Joaquin Cordero, right, recently opened his own auto repair shop. Cordero has a mechanical engineering degree and was a senior technician at Micron in Boise, Idaho. Now, he owns his mom-and pop business and works on car like he did with his father, Jose Cordero, left, in Mexico. Cordero’s parents came to Boise, Idaho to help their son get started with his shop.
For one Boise man, opening a small business fulfills his dream. Joaquin Cordero started 27th St. Automotive in Downtown Boise , Idaho (Northend).
Joaquin Cordero was working at Micron, but he really yearned for life as the owner of a real mom-and pop business. In the past few months, that dream has to come true for Cordero. He is the owner of the new mechanic shop 27th St. Automotive in Downtown. As for the mom-and-pop part, Cordero’s 61-year-old parents have traveled from Mexico to help him to get his new venture rolling.
Cordero’s father used to teach auto mechanics at the polytechnic school in Cordero’s native Merida (Instituto Tecnologico de Merida). His mom is helping out at home and in the office. “I don’t know Cordero what I would have done without their help” said Cordero. “At the beginning it was too much work”.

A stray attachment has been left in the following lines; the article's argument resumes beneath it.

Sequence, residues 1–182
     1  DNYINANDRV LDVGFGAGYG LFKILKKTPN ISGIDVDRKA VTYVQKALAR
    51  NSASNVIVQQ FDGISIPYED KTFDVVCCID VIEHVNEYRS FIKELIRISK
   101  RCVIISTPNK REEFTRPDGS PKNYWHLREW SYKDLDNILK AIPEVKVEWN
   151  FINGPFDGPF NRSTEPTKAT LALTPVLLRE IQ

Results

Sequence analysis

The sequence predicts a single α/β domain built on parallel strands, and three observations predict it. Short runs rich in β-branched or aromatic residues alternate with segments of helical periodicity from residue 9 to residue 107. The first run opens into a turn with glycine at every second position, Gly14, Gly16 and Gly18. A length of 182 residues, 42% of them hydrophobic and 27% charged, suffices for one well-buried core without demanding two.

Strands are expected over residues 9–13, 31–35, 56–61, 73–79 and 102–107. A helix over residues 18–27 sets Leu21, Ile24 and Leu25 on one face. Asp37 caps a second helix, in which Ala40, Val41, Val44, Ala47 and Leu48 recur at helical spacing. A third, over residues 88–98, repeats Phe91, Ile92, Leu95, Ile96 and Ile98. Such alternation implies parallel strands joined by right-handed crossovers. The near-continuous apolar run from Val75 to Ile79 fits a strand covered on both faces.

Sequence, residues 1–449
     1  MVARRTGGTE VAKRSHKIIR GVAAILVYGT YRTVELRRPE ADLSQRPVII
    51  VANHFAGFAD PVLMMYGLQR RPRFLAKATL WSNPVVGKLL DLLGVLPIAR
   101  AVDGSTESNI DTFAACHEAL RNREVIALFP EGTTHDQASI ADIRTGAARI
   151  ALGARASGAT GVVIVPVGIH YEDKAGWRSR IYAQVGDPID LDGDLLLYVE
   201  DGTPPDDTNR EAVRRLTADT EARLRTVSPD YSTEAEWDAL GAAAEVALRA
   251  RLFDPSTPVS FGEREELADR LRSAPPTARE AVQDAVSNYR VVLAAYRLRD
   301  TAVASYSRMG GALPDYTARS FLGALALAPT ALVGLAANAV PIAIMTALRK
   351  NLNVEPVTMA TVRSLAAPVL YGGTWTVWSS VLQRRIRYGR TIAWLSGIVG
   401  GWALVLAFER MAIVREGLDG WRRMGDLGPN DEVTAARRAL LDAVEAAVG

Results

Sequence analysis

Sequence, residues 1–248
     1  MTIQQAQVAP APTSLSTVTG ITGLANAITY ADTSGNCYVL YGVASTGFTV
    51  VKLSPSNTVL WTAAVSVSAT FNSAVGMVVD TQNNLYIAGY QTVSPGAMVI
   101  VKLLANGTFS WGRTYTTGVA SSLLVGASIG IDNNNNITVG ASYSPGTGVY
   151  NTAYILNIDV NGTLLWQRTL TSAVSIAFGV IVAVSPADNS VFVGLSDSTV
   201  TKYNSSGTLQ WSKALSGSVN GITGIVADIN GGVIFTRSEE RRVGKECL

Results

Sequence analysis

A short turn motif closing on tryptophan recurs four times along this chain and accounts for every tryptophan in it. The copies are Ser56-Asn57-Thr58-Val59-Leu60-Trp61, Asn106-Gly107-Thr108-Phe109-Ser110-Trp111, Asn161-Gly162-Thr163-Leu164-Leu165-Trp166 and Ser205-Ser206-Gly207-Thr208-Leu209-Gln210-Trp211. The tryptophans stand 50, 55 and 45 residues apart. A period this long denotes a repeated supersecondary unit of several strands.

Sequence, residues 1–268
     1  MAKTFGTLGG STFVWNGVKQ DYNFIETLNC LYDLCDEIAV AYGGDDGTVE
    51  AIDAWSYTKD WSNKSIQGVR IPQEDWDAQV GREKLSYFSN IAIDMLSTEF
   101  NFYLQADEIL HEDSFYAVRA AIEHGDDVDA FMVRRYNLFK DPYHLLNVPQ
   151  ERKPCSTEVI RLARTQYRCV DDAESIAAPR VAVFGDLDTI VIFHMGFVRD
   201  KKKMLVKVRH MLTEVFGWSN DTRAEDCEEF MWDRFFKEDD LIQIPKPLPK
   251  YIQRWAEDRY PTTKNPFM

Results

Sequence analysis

Cordero, 36, opened his shop at 27th and State Street in Boise two months ago after working eight years as a technician for Micron. Although there are hundreds of auto repairs businesses in the treasure Valley, Cordero thinks he has found a niche. He speaks Spanish and has a bachelor’s degree Mechanical engineering.
What I like to do is fix stuff that other people can’t fix” said Cordero. “That is a personal challenge to me”. Cordero grew up fixing cars in his dad’s mechanic shop in Merida, and worked in Volkswagen and Chevrolet dealerships in Merida and Cancun.
He moved to Boise in 1997. While working as an automotive technician, he took English classes at Boise State University. Eventually he worked his way up to the level of senior technician at micron, where he worked with engineers to repair equipment and design machines in the assembly area.
Then Cordero started to take classes at BSU toward a master’s degree in Mechanical engineering. Meanwhile, he decided to pursue his dream of owning his own business and started his shop in Boise, Idaho. He wanted a job that would give him hands on experience. Cordero does mechanical work like repairing engines, brakes, transmissions, tunes up, electrical diagnostic, clutch, maintenance, oil changes, suspension work, shocks, fuel injections, computer reflash, etc.